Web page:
To preface this in case I have new readers, I’ve struggled with anxiety and OCD all of my life. I’m also a Christian, and there is this stigma about mental health in some Christian circles that I feel can be pretty powerful.
Last night, par the course for my demons, I was /convinced/ that I would be fired from my job. Highly irrational, almost certainly, but there it stood. A single request from my admin had me worried senselessly. But even so, in that period, I couldn’t shake what was rapidly becoming absolute dread in spite of my best efforts.
As the anxiety worsened through the afternoon into the evening, I lay in bed agonizing at the whims of alternating mindsets: an adamant, “well if they fire me, to heck with it! I’ve worked so hard for them!” and a far more realistic, “what will I do about insurance and also about my calling in life?? What else would I ever want to do??” It was a lot, and it continued to be a lot until words from Casting Crown’s song, “Praise You in this Storm” popped into my head. They’ve done that before, honestly. And they comforted me like nothing else could have at that moment, I think.
There is a portion of the lyrics which read, “And as Your mercy falls, I raise my hands, and praise the God who gives and takes away.” Even though I couldn’t shake my irrational dread (what’s new?), I also realized that God does give—He gave me a vocation—and if He takes away, He only has more planned that I can’t yet see. Somehow, miraculously, I accepted that it /could/ be taken away, but…you know, God would be in that, too.
And I was okay.
If you have OCD, you know how difficult the acceptance that bad things can and will happen to you really is. It’s like end-game Cognitive Behavioral Therapy, right there.
I’m not always able to do that. I try to trust and breathe through the fear and have faith, but mental illness is something that no amount of faith in my Lord can just… you know… cure. Because it’s an illness. So unless a miracle is worked, it’s just how my brain IS. I’m so worried so much of the time. It doesn’t take much to set me spinning, and when I’m not fretting over something, my brain ACTIVELY searches for the next big concern without restraint. I often have to mentally repeat over and over “Stop it. You’re fine. Stop it. Stop it.” in effort to take up enough brain space that I can rest from the constant nagging and go to sleep.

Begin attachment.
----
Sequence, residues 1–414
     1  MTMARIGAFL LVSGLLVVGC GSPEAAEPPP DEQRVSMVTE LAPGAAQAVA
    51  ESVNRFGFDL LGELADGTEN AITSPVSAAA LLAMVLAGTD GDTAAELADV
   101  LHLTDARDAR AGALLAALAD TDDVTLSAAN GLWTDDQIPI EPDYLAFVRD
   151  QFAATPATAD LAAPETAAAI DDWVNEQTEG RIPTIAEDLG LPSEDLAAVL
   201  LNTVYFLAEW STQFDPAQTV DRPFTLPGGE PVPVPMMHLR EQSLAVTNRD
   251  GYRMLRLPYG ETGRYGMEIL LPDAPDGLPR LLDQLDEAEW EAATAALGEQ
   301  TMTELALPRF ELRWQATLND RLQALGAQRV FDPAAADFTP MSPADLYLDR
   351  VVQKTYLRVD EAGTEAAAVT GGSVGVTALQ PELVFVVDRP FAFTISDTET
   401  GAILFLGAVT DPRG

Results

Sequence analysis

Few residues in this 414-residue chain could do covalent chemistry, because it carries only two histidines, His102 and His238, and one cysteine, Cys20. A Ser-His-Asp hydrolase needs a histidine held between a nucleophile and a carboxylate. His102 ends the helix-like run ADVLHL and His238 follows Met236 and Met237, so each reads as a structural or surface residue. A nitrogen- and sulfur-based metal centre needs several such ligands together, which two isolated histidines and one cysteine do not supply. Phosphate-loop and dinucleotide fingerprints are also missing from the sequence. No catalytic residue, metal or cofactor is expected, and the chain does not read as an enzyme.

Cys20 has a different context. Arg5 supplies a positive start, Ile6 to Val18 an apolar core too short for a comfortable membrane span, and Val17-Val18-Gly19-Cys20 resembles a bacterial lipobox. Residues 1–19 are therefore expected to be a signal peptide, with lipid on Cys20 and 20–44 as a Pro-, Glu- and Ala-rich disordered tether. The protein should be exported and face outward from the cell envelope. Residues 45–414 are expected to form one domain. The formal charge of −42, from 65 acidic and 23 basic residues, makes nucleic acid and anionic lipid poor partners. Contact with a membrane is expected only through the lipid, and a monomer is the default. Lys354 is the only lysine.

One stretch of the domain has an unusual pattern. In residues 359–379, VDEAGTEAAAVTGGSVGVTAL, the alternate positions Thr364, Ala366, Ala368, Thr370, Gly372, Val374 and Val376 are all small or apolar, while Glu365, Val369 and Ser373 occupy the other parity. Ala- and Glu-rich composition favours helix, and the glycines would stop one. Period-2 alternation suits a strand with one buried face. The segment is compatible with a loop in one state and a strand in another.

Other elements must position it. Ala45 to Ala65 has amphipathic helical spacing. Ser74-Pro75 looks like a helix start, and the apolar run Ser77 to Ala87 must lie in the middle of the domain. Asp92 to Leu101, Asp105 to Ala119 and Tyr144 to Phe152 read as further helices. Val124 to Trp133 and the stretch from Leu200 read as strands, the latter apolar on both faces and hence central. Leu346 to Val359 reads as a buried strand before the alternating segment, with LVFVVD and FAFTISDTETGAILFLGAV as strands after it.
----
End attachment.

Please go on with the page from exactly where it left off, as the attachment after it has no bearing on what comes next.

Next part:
But in that moment, over this issue, I truly gave it to God. I realized that He’s seen me through so much in this journey, and He’s been beside me all this time, and I know that His plans are beyond me. And it’s going to be His will. The will of a Father who loves me even when and if things don’t make sense.
As a Christian person, there is sometimes this expectation that if you truly trust God, you can let go of fear and anxiety and just be. But it doesn’t work like that when your brain is actually not *right,* you know? I mean, that’s not an easy task for anyone, much less when your brain seeks dread like a dehydrated frog seeks water. (Oh, wow, that was a sad image. Poor frog.) The same can be said about depression, because if the Lord is your joy, why should you ever feel despondent to the point you can’t escape with the help of God? (Sigh. See what I mean?) It makes mental health in the Christian community kind of a taboo subject, sad as it is.
The point is, my brain doesn’t always like me, but even anxiety-brain can’t shake those lyrics that so long ago touched my heart and refused to leave me. I’m not into tattoos on myself, but as far back as college, I had contemplated getting lyrics from the song tattooed on my body as a constant reminder.
I fear /so/ much. I worry /so/ much over things that are big and real, but also things that are little yet smash through the walls of my mental composure like giants swinging clubs.
But even in that, God is there, and these words to live by help me deal with all of that, if only just a little when they hit me out of the blue. Because they reference what it’s like to say “amen”—Lord, please help me. Please, please make /it/ go away. Amen.—but then the illness, the dread is still there, laughing at me, filling me with fear.
Songs mean different things for different people, and for me, this song is about acceptance. It’s about knowing that God is there through the struggles both real and those that seem much larger in my head (that in itself a major life struggle). It’s about crying out to God asking HOW CAN I CARRY ON?? when I don’t see a way out—when there ISN’T a way out—and getting simply in answer, “I am with you.” It’s about holding to that answer even when “my heart is torn,” and knowing that it is enough. Even when it isn’t easy. Even when it hurts.
I don’t expect God to miraculously cure me, though it is within His power, but I know He’s going to walk with me. And I don’t expect that I’ll always understand the things that happen in my life both real and in my mind, but I know He’s going to be there.
And sometimes, that’s enough to bring quiet when anxiety is screaming.